This tent(Hilleberg Nammatj 3)is a pure joy to use and is becoming a new version of the old Tuolumne though the tent itself comes from a long line of similar tents just as old or older. By saying hello and committing myself to this make and model I will feel something I haven't felt since the mid 1980s: A strong affection for a particular nylon tent, the North Face A-frame Tuolumne to be exact.
It had a good 10 years of use all the way to Lost Valley in 1989 and the South Carolina Rainbow gathering in 1991-92, maybe 14 years altogether. In 1989 I got the Westwind and it served me in California, at the Tipi, in later Pisgah trips, at numerous powwows and many other places. The Tipi curtailed the use of a tent but I still had to rely on one at various times but it wasn't until I started these long backpacking trips in the fall of 2001 that I really got back to living out in a tent.
The Westwind was used frequently in Laurel Springs where the fly ripped one final time and I retired the whole thing in a garbage can. At this point I was without a good tent for some years and used a variety of substandard shelters like the Ozark Trail dome and the Eureka Timberline until 2000 when the Mountain Hardwear Muir Trail was purchased.
It was used at Johnny B's house in Butler a couple of times, at various powwows, in Pisgah and at the church right up until I left Boone for Tellico. At Little Mitten's I used it my first night and beyond until I set up the Iron Mountain tent on Chickasaw creek. When Mitten and I went out in the fall and winter of 2001 we used it but before that when we went to the Tipi together we used and carried the large yellow Iron Mountain tent.
But on my trips to Citico/Slickrock I used the Muir Trail most, then the Light Wedge, then the Mountain Jet and finally this tent, the Nammatj 3 Hilleberg. Over time it will overtake the Muir Trail tent of choice. Do I miss the Muir Trail and do I have the same regard for it as I did the old Tuolumne?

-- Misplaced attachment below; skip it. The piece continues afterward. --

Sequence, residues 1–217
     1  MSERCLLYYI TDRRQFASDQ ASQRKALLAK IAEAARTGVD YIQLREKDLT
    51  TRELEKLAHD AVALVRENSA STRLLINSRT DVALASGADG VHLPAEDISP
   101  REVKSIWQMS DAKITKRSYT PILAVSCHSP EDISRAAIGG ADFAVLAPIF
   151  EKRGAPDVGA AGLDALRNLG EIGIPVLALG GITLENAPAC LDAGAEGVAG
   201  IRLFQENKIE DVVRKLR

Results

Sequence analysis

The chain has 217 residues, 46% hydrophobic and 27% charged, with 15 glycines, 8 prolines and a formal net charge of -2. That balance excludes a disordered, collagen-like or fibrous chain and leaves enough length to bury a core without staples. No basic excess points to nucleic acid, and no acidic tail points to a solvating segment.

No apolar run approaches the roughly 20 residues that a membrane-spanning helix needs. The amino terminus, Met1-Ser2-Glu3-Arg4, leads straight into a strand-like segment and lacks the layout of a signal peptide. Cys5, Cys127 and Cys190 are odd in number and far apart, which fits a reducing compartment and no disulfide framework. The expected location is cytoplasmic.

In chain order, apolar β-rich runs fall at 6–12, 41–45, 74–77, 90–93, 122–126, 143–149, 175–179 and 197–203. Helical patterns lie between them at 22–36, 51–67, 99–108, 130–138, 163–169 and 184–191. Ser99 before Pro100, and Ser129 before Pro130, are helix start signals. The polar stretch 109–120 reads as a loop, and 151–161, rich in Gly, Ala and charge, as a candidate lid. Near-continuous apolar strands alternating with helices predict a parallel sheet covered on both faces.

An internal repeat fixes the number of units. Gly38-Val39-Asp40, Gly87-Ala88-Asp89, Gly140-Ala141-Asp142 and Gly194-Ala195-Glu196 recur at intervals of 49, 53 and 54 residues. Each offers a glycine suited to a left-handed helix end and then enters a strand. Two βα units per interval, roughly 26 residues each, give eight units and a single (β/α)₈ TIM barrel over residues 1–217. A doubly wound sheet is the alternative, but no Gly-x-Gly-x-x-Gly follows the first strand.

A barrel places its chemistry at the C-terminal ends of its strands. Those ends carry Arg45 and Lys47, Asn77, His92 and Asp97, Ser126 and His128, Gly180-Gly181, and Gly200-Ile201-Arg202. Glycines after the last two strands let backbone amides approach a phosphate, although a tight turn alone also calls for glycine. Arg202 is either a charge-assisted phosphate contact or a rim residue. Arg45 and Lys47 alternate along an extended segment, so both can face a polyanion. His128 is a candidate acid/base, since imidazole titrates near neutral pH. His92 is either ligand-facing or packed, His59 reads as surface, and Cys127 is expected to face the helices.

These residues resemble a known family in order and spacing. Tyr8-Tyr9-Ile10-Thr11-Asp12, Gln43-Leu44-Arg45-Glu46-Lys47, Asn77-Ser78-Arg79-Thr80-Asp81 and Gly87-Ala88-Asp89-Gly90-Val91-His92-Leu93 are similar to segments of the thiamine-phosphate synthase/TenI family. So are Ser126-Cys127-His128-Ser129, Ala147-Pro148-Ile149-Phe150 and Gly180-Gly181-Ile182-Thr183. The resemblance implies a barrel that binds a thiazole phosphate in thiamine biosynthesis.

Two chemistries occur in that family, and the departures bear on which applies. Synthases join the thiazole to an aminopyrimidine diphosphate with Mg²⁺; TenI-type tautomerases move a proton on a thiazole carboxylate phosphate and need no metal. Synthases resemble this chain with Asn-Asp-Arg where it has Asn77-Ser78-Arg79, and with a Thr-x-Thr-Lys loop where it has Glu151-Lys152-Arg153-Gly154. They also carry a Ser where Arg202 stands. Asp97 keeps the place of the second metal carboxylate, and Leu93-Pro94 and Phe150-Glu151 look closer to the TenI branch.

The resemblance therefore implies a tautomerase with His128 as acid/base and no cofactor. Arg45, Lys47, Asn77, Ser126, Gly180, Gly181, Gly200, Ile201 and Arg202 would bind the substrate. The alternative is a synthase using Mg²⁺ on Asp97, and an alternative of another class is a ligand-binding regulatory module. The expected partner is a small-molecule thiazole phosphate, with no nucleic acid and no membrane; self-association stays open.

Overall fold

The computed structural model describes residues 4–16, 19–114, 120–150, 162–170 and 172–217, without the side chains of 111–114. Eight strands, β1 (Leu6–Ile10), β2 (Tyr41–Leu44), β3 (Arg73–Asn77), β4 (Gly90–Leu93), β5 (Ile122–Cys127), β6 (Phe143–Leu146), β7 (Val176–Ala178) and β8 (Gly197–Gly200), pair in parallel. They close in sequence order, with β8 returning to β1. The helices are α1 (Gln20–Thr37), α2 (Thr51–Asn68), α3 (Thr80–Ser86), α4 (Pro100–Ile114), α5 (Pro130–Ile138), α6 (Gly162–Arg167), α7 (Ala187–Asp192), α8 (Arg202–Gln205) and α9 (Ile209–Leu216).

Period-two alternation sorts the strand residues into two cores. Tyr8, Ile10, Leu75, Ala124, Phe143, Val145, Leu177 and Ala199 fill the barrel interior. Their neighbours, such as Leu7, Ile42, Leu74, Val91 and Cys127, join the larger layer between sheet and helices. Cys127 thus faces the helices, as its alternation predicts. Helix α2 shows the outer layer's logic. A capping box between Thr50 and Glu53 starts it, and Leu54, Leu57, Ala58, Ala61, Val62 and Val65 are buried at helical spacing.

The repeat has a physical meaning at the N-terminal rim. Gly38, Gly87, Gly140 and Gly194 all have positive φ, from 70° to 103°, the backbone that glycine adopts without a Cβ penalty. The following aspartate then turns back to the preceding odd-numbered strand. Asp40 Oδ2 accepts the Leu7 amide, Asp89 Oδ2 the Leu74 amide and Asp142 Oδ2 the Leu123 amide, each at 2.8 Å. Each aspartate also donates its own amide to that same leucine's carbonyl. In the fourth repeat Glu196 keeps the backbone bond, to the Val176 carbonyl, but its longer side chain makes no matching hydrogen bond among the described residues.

Well, no, for some reason the Tuolumne has a unique place in my green heart, maybe it was the constant companionship in 7 straight years of camping around Boone where thru constant setting up and taking down it became my best friend, my loyal servant and my shelter from the rain, cold and wind at the Cemetary, the Swamp Site and the #9 Camps, the Conehead camps and especially the Pond Site, the Rhodo Grotto and the Stone Altar site.
It was there for me in Lost Valley and on the AT thru North Carolina and Tennessee, at Pisgah on Upper Creek and everywhere else. When I lost the fly on that tent I lost the whole tent and I lost a friend. No tent becomes such a friend unless it is used EVERYDAY for 7 years in all conditions. In all the years I used it I only have 2 photos if it and both aren't very clear or revealing.
One is at night in Lost Valley and the other shows the front in South Carolina set up in the Marion NF. I never had a camera those 7 years I lived out and by the time I got one at the Tipi I had my Westwind. I will have to call North Face and pry into their historic vaults to get an old catalog showing my little blue and brown beauty.
I've been thru a load of thermys and 3 sleeping bags but no piece of gear makes me so sentimental as that tent. I was an outdoor infant and it was my Momma's loving arms and my first true home. I first found the tent for sale on a bulletin board in the ASU student center for $100, then about half price from a new one. This was in 1978 and I called the guy and he gave me the almost new tent and there began my love affair with a piece of equipment.
At the time I was living in a tiny apartment on King street in Boone and I would often set up the tent inside on the floor and sleep. I first set it up outdoors at either the cemetary or the Swamp Site and for educational purposes I set it up on the side yard of the apartment house and on the grass by St Lukes church.
After the house fire in the winter of 1979 and after the short emergency stay at Hagaman's house on Cherry street, I became more and more an outdoors person and my fnal apartment was a funky room in a brick apartment house on Hippie Hill.
It was here I finally gave up the rental life and took the bedroll and the Tuolumne for a real-life adventure that has lasted 27 years and is still going strong(witness the current Chickasaw tent and these trip reports). But back then it was a heady, spontaneous and innocent, idealistic yogic time filled with Watauga campsites of beauty, purity, snow, wind, sweat and bliss and the Lost Valley camps epitomize the deepest and highest of those times.
It was Lost Valley and I was lost in this wonderful world of pristine freedom and still capturing it as I sit on the bank of Citico Creek in a freedom not too tarnished at age 55. The tent of choice is now a Hilleberg.
south fork citicohilleberg nammatjeagle camp